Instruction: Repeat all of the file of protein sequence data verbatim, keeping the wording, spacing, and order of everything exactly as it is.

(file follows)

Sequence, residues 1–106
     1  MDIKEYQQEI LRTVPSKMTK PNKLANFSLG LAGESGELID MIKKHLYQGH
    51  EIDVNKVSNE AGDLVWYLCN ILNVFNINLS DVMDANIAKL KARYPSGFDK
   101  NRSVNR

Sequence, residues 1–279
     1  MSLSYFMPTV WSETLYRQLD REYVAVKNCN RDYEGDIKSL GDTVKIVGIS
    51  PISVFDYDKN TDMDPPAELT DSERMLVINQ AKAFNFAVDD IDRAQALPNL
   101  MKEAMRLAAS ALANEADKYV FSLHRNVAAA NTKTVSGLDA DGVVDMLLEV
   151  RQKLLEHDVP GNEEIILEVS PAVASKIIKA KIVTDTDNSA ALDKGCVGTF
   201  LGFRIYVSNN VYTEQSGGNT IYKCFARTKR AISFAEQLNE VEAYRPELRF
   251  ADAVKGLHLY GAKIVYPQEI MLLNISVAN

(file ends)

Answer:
Sequence, residues 1–106
     1  MDIKEYQQEI LRTVPSKMTK PNKLANFSLG LAGESGELID MIKKHLYQGH
    51  EIDVNKVSNE AGDLVWYLCN ILNVFNINLS DVMDANIAKL KARYPSGFDK
   101  NRSVNR

Sequence, residues 1–279
     1  MSLSYFMPTV WSETLYRQLD REYVAVKNCN RDYEGDIKSL GDTVKIVGIS
    51  PISVFDYDKN TDMDPPAELT DSERMLVINQ AKAFNFAVDD IDRAQALPNL
   101  MKEAMRLAAS ALANEADKYV FSLHRNVAAA NTKTVSGLDA DGVVDMLLEV
   151  RQKLLEHDVP GNEEIILEVS PAVASKIIKA KIVTDTDNSA ALDKGCVGTF
   201  LGFRIYVSNN VYTEQSGGNT IYKCFARTKR AISFAEQLNE VEAYRPELRF
   251  ADAVKGLHLY GAKIVYPQEI MLLNISVAN